Originally published on Sun September 16, 2012 7:26 am
Comments from Prime Minister Benjamin Netanyahu are ratcheting up diplomatic tension between Israel and the United States.
During a joint press conference in Jerusalem with Bulgarian Prime Minister Boyko Borisov, Netanyahu expressed his frustration with how world powers are handling Iran and its nuclear program.
"The world tells Israel 'wait, there's still time'. And I say, 'Wait for what? Wait until when?' Those in the international community who refuse to put red lines before Iran don't have a moral right to place a red light before Israel," Netanyahu said.
Originally published on Fri September 14, 2012 10:21 pm
In the rarefied air of China's leadership circle, anything that strays from strict protocol becomes grist for the rumor mill.
So it is with the mysterious and sudden disappearance of Xi Jinping, the presumptive heir to President Hu Jintao.
Xi, 59, has inexplicably missed a series of important meetings with foreign dignitaries in the past week, including one with Secretary of State Hillary Clinton in Beijing. The last time anyone saw him in public was Sept. 1.
The state of Alabama has asked a federal appeals court to reconsider parts of two opinions that struck down some provisions of Alabama's immigration law.
Alabama Gov. Robert Bentley said Monday the state was challenging a three-judge panel's decision to strike down parts of Alabama's law concerning harboring illegal immigrants, contracts and collecting school data on immigrants. Bentley said the court was placing an illegal restraint on state government.
The state is asking the full appeals court to review the three-judge panel's decision.
The presidential candidates are toning it down, we're told, on this 9/11. They'll stop their negative ads, they have said. But, of course, the campaigning will continue all fall. And Mitt Romney spent yesterday in Ohio. Over the weekend, Vice President Biden was there, as well. The Midwestern state is becoming like a second home to candidates in this presidential election season.
Republican presidential nominee Mitt Romney's proposal to overhaul the tax code continues to draw scrutiny.
Romney says it is possible to cut tax rates without driving the government deeper into the red, and that he can make up for the lost revenue by closing tax loopholes. But analysts have had a hard time testing Romney's claim because he hasn't offered many specifics.
When he was pressed by NBC's David Gregory this weekend to give an example of a loophole he would close, Romney didn't offer much detail.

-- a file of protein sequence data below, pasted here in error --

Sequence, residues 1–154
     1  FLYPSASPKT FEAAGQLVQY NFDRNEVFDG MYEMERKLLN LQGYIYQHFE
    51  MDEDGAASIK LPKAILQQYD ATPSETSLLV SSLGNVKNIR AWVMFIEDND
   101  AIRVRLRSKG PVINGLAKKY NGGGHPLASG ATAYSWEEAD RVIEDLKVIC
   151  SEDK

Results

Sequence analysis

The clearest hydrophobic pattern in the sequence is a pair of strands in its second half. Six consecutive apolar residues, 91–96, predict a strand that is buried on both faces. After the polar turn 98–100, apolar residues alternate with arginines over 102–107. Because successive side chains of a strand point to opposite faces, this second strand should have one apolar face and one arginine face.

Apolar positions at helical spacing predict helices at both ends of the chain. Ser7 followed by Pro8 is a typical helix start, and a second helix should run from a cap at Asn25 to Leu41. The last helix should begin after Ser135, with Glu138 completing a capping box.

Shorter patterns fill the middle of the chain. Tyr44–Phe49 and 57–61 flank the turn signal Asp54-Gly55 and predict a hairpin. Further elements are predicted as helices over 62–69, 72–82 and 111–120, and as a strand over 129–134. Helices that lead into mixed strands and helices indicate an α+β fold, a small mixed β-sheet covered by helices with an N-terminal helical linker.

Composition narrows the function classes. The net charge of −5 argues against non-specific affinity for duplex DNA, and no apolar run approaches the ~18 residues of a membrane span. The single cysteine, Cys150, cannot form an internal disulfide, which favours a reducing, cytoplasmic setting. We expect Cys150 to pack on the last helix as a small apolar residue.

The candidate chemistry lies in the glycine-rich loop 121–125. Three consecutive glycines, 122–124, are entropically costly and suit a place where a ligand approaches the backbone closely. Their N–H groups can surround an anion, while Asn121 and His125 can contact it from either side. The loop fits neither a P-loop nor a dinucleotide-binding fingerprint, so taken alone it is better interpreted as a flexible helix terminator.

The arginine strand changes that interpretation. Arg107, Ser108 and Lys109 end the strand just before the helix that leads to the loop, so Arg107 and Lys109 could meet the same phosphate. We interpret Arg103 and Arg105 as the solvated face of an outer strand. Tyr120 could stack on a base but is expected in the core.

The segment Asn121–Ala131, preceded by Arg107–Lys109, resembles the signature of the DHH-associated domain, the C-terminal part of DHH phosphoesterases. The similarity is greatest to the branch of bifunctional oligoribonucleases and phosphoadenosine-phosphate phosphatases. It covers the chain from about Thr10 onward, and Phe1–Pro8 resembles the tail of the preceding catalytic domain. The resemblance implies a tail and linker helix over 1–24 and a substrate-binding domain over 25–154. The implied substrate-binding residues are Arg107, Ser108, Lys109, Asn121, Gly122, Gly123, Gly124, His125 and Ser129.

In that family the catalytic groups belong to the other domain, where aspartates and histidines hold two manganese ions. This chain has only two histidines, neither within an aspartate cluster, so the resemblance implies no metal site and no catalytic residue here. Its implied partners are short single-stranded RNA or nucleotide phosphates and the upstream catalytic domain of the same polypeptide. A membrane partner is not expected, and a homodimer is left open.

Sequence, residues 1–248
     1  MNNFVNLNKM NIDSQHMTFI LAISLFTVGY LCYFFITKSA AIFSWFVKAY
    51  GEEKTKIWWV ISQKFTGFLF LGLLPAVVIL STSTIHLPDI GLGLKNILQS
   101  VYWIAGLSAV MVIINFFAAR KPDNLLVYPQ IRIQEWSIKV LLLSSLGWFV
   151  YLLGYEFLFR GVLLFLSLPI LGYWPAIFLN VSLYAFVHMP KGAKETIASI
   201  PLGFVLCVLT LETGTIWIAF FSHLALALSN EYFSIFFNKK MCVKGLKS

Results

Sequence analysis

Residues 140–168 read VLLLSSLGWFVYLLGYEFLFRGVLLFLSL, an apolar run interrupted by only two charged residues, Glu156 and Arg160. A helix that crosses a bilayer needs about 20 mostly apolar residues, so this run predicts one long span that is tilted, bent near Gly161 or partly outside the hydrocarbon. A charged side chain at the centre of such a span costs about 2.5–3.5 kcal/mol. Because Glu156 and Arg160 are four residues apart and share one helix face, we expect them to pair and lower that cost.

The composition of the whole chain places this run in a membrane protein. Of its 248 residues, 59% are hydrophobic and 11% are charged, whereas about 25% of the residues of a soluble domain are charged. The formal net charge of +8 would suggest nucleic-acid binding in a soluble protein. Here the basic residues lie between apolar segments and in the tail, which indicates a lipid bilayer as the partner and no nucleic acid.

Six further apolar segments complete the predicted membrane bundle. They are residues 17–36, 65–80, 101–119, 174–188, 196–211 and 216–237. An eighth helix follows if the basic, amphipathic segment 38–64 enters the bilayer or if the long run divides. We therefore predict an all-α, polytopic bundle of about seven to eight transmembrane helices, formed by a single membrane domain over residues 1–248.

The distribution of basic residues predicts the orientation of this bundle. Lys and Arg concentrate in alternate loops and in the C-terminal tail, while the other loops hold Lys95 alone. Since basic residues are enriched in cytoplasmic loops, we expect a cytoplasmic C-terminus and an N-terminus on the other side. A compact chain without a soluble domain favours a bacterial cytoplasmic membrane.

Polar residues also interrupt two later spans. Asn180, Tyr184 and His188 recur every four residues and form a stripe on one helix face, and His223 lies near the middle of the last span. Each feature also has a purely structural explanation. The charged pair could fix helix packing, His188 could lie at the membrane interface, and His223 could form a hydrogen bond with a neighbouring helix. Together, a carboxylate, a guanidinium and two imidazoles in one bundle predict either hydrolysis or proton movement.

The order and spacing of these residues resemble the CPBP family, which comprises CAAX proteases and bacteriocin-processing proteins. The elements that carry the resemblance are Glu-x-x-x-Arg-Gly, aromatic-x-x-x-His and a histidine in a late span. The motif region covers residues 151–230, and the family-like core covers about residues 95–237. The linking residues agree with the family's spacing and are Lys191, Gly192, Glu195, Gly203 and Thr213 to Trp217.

To try to get a sense of what it really means to be the president of the United States, writer Michael Lewis spent six months in President Obama's shadow. Lewis hoped to find out just what it's like to be in the president's shoes — down to something as simple as how he decides what to wear every day.
Egyptians have been struggling economically since the revolution last year that ousted President Hosni Mubarak. The Egyptian pound has remained relatively stable, though, because the central bank shored it up through foreign reserves, which prevented food prices from skyrocketing.
But despite increasing political stability, concerns about the currency remain.
The market has been volatile since Mubarak was ousted, swinging up and down with Egypt's political unrest.
Politically active real estate developer Stan Pate of Tuscaloosa says he's planning a media campaign in the next few days to encourage no votes on Alabama's referendum Sept. 18.
Pate says Alabama residents elected a Republican governor and Republican-controlled Legislature in 2010 because they wanted less government. He said GOP leaders are doing the opposite by pushing a constitutional amendment that would take $437 million out of a state trust fund to prop up the state General Fund budget for the next three years.
U.S. Rep. Robert Aderholt's re-election campaign has paid $13,000 in penalties for filing inaccurate finance reports.
The documents released recently by the Federal Election Commission show Aderholt's campaign account misrepresented how much money it raised; spent; and had on hand for several years.
Records show more than $58,000 in campaign receipts were misstated from 2006 through 2010. And there were inaccurate records about how $129,600 was spent. Another $273,000 wasn't deposited into the campaign account within the required 10-day period.
Originally published on Tue September 11, 2012 8:06 am
The strike that shut schools in Chicago on Monday illustrates a larger, national trend: Teachers unions are having a harder time getting what they want.
For decades, teachers unions have been among the most powerful lobbying groups in nearly every state — and have been arguably even more powerful at the local level, where they've often been able to unseat school board members and even mayors who crossed them.
Originally published on Mon September 10, 2012 1:38 pm
Over the weekend, the United States Treasury said it has plans to sell $18 billion worth of American International Group stocks. During the financial crisis in 2008, the government pumped $182 billion into AIG stock to keep it from collapsing.
Reuters reports, this morning, that AIG shares fell 1.5 percent because of the news. Reuters adds:
"AIG itself will buy back $5 billion of its own shares in the upcoming stock sale, with the rest of the shares going to the broader public.